Paul McCartney once sang, “Venus and Mars are alright, tonight”. Well tonight, and until the end of the month, Venus and Jupiter are a little more than alright.
From 19 June until 30 June, the moon, and the planets Venus and Jupiter, will appear together in the night sky, slowly converging as the event takes place. The two planets are always the brightest planets viewed from Earth, but for this 2-week period they will be even brighter and even the most amateur stargazer can get involved.
Additionally on the night of 30 June, Venus and Jupiter will move to their closest approach to each other, forming what will look like a double planet. The two planets will be just one-third of a degree apart on this night, which translates to being apart only by the width of the moon in the night sky.
A little evening iPhonography: the Moon, Venus, and Jupiter. pic.twitter.com/2XiTKHJWhY
— Amy Mainzer (@AmyMainzer) June 22, 2015
Venus is similar in size to Earth, and has a 225-day orbit. We have put probes onto the surface, but the extreme heat has destroyed them within hours. Jupiter is the largest planet in the Solar System, and it is thought that its core alone is the size of Earth.
How often does a configuration of Venus and Jupiter like this take place? The last such event was 7 years ago, so yes, while it’s not as rare an event as say Halley’s Comet, it will be a lot easier to see, as you will not need a telescope, just the naked eye is needed, or a pair of binoculars or camera with zoom for an even closer look.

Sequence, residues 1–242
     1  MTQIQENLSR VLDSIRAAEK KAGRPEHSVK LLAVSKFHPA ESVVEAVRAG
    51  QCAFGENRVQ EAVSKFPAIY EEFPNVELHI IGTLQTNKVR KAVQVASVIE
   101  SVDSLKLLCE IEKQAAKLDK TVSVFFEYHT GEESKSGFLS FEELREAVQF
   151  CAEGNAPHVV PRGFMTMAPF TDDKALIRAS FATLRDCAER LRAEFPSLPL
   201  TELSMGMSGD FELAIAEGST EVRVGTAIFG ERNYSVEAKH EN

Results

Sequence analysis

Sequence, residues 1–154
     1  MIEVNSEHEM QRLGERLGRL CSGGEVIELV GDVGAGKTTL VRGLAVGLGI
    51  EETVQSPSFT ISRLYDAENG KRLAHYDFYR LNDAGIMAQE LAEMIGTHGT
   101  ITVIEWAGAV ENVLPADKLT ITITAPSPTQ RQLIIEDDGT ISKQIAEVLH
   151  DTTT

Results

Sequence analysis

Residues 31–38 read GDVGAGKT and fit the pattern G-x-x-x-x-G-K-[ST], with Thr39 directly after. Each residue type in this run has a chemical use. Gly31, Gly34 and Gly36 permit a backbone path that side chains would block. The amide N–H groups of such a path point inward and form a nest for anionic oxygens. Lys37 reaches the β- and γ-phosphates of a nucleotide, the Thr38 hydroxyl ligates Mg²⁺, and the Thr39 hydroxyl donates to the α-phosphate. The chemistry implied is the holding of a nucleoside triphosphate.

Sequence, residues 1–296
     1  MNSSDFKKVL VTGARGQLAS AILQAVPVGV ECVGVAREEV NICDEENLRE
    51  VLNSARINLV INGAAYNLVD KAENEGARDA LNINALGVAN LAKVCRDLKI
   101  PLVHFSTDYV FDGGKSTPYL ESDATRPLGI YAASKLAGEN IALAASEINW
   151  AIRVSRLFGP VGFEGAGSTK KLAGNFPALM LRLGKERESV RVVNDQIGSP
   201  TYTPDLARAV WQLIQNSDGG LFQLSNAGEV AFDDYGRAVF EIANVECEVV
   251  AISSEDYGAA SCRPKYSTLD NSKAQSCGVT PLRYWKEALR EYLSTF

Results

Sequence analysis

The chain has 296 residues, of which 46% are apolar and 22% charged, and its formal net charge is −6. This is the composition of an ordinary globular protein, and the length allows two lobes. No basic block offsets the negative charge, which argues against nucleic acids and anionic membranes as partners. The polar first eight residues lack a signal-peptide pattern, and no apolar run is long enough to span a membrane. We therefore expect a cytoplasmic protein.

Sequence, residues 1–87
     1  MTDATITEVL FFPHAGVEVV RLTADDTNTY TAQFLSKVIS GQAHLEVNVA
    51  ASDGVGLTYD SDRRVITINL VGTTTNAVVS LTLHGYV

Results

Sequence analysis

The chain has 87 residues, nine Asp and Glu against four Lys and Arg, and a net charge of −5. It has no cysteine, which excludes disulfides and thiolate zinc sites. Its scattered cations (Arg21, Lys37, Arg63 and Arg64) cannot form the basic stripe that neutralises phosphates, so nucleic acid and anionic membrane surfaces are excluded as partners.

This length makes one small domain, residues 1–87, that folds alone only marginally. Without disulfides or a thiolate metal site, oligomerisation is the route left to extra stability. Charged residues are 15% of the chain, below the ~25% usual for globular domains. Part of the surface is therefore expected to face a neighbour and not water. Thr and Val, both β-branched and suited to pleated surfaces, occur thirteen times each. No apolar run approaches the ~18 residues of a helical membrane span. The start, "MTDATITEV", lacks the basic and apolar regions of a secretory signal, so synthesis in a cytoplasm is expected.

This particular planetary event is easy to find and see, but if you do need some help to ensure that you are looking in the right place, there are some excellent apps available for either your smartphone or tablet. One such app is called ’Night Sky’ which is available for both Apple devices on iTunes, and on the Google Play store for Android devices. The original version is available for free, while an updated version 2 is available for under $4. In addition to mapping the sky for you they also have an amazing gallery of photographs, information on all the planets, moons, stars, and more.
So, will you stop over the next couple of weeks and have a look, or did the slight smudge somewhere in a cloudy sky that was Halley’s Comet put you off amateur astronomy? Do you have other night sky apps that you use and recommend?